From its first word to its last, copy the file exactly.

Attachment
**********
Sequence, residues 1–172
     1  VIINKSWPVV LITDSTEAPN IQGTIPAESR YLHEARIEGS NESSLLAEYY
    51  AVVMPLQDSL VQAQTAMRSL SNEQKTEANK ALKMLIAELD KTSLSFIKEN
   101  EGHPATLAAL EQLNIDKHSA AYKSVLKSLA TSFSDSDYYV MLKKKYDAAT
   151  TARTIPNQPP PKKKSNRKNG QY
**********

Sequence, residues 1–172
     1  VIINKSWPVV LITDSTEAPN IQGTIPAESR YLHEARIEGS NESSLLAEYY
    51  AVVMPLQDSL VQAQTAMRSL SNEQKTEANK ALKMLIAELD KTSLSFIKEN
   101  EGHPATLAAL EQLNIDKHSA AYKSVLKSLA TSFSDSDYYV MLKKKYDAAT
   151  TARTIPNQPP PKKKSNRKNG QY